Keith Lincoln accounts for 349 yards of total offense as Chargers win the AFL championship, defeating Boston 51-10, before 30,127 persons in Balboa Stadium, as of 2012, this was the last professional sports championship for the city of San Diego. AFL teams sign a five-year television contract with National Broadcasting Company for a record $36 million; the contract will commence with the 1965 season. The Chargers and New York Jets tied 17-17 before a record AFL crowd of 50,222 fans, 46,828 paid in New York's Shea Stadium . A Balboa Stadium attendance record of 34,865 is set as Buffalo defeats San Diego 27-24 on Thanksgiving Day. The Chargers defeat the Jets 38-3 before 25,753 persons in Balboa Stadium to clinch their fourth AFL West title in five years. Lance Alworth went out of the game with a knee injury and fullback Keith Lincoln gets sidelined in the first quarter with a fractured rib, the Chargers are beaten 20-7 in Buffalo for the AFL championship.

1965[edit]

San Diego (9-2-3) wins fifth AFL West title in six years by defeating Houston on December 12 by the score of 37-26. Paul Lowe and Lance Alworth finish 1-2 in balloting by players for AFL player of the year. Buffalo defeats the Chargers 23-0 in front of 30,361 persons in Balboa Stadium for the AFL championship; a new automobile, the "Charger," is introduced by Chrysler officials at halftime.

1966[edit]

AFL and National Football League teams announce plans to merge in the 1970 season and Chargers and Los Angeles Rams announce they will play three preseason games in San Diego Stadium, beginning in 1967. Eugene V. Klein of Beverly Hills heads a group of 21 business executives who purchase the Chargers for $10 million, a record transaction in professional football. On the field, San Diego falls the third in the West with a 7-6-1 record

1967[edit]

San Diego Stadium is dedicated before a crowd of 45,988; Detroit defeats the Chargers 38-17 in San Diego's first meeting with an NFL team. Leslie "Speedy" Duncan has 203 yards in returns, 35 on a fumble recovery for a touchdown, 68 on four kickoff returns, and 100 for a touchdown on the longest interception return in AFL history as the Chargers defeat Kansas City 45-31 in a game in which the teams combine for 897 yards total offense and 622 in returns. The Chargers are beaten by Oakland 41-21 before the first sellout crowd in the San Diego Stadium, 52,661 persons, and 2,018 persons also watched the game on closed-circuit television in the San Diego Sports Arena. John Hadl wins M.V.P.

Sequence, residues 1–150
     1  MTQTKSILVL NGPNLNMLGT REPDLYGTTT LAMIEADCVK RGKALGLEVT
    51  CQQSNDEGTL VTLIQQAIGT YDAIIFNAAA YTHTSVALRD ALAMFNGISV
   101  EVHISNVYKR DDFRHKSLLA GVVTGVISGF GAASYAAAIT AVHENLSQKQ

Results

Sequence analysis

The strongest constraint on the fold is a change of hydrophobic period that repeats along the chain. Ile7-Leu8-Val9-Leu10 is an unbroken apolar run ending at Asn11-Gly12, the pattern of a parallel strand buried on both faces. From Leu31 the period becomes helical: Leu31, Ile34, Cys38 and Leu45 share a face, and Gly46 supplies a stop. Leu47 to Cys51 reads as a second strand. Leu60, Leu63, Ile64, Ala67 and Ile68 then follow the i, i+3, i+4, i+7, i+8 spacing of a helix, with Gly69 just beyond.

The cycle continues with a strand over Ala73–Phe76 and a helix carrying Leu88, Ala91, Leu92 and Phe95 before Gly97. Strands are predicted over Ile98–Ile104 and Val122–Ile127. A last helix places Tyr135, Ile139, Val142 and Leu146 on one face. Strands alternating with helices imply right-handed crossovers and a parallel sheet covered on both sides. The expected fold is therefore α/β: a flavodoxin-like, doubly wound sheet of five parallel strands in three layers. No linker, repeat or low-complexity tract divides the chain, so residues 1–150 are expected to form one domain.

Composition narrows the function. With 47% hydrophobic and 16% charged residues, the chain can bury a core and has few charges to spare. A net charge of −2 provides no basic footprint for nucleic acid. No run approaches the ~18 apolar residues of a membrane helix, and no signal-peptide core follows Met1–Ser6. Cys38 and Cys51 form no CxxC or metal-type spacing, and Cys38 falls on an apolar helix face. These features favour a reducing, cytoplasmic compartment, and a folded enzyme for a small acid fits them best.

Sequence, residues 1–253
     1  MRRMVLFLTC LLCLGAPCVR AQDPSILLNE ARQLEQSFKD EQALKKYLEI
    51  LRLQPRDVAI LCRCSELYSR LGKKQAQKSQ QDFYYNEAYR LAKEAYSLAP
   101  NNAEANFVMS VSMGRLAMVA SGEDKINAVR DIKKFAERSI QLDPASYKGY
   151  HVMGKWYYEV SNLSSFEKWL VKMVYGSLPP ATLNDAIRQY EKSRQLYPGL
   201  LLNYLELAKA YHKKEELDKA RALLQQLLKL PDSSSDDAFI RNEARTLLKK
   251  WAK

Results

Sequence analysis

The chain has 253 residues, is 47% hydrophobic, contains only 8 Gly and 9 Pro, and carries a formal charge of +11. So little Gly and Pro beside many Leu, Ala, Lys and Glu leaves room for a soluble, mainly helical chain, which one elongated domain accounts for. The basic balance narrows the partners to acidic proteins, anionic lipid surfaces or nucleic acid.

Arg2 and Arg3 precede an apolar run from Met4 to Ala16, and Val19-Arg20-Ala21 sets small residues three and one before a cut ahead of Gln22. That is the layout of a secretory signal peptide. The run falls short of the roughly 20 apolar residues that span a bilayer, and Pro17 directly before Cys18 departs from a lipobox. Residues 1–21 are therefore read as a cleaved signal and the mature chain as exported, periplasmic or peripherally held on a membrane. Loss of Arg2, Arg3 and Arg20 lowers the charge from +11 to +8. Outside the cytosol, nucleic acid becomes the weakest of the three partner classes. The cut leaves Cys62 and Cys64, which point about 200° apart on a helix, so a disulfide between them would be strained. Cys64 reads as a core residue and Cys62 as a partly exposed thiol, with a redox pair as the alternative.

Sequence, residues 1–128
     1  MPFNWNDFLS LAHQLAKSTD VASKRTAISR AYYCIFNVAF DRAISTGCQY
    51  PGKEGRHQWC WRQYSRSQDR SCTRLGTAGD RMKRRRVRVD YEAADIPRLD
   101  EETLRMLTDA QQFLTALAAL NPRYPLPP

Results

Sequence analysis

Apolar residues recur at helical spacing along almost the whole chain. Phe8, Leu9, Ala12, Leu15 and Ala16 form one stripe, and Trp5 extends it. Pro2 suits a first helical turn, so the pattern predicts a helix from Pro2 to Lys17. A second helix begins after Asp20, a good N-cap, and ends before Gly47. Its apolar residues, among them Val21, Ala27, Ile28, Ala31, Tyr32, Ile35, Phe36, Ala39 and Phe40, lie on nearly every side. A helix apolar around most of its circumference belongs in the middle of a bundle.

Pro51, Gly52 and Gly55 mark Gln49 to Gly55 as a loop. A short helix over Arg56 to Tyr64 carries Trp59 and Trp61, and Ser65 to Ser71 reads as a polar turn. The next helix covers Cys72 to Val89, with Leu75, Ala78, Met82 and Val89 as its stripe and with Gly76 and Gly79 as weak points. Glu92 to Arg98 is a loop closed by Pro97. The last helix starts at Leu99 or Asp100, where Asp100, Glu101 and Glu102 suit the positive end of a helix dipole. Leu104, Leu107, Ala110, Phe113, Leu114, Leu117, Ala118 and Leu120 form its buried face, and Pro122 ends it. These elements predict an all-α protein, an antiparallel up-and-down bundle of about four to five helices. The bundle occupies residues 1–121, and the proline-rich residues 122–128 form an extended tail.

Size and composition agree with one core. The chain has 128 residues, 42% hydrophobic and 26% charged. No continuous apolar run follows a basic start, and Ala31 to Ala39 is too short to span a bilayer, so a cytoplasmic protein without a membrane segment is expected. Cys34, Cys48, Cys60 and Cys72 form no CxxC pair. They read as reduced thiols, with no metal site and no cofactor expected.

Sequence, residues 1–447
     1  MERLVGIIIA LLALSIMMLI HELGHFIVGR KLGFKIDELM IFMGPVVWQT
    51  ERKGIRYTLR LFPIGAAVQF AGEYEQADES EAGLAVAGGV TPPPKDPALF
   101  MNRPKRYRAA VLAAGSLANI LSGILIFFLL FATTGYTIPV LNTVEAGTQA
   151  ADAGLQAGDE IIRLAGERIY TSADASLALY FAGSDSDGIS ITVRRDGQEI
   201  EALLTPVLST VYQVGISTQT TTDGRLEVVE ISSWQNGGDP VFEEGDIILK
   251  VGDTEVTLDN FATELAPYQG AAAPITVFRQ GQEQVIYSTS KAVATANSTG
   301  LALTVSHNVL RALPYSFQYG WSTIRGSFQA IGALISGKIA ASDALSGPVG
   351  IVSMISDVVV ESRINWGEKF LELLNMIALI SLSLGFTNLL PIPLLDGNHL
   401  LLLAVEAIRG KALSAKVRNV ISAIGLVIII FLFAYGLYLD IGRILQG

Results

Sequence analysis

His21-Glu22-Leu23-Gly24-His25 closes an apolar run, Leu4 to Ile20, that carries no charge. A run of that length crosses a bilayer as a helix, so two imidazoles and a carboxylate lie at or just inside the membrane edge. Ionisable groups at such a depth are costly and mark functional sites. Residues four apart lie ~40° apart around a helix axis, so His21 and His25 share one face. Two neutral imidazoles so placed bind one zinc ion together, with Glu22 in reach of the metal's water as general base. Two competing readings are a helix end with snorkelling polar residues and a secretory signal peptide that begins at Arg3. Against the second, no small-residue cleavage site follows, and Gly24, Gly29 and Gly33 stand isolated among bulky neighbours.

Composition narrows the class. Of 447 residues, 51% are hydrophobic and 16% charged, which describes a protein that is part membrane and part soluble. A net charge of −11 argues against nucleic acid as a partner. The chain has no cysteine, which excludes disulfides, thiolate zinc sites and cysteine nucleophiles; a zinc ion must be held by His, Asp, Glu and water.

1968[edit]

The Chargers open the preseason at home and score their first victory over an NFL team, defeating the San Francisco 49ers 30-18 before 39,553 in San Diego Stadium. Leslie (Speedy) Duncan sets an AFL record with a 95-yard punt return for a touchdown in a 37-15 loss to the New York Jets in San Diego Stadium. Team finishes third in the West with a 9-5 record. John Hadl leads the league in pass attempts (440), completions (208), yardage (3,473), touchdown passes (27) and passes intercepted (32)[1].

1969[edit]

After opening the season with two losses, the Chargers defeat the defending Super Bowl III champion New York Jets featuring QB Joe Namath before a record San Diego Stadium crowd of 54,042. The team features QB John Hadl and Lance Alworth who sets a professional record with a pass reception in his 96th consecutive game. Three more wins would be followed by four straight losses which ended any hopes of postseason play. The Chargers win their last four games to finish with an 8-6 record capped by a 45-6 victory over Buffalo in the season finale. Offensive backfield coach Charlie Waller is named head coach following the resignation of Sid Gillman nine games into the season from stomach ulcer and chest hernia. Gillman continues as general manager.

1970–1981[edit]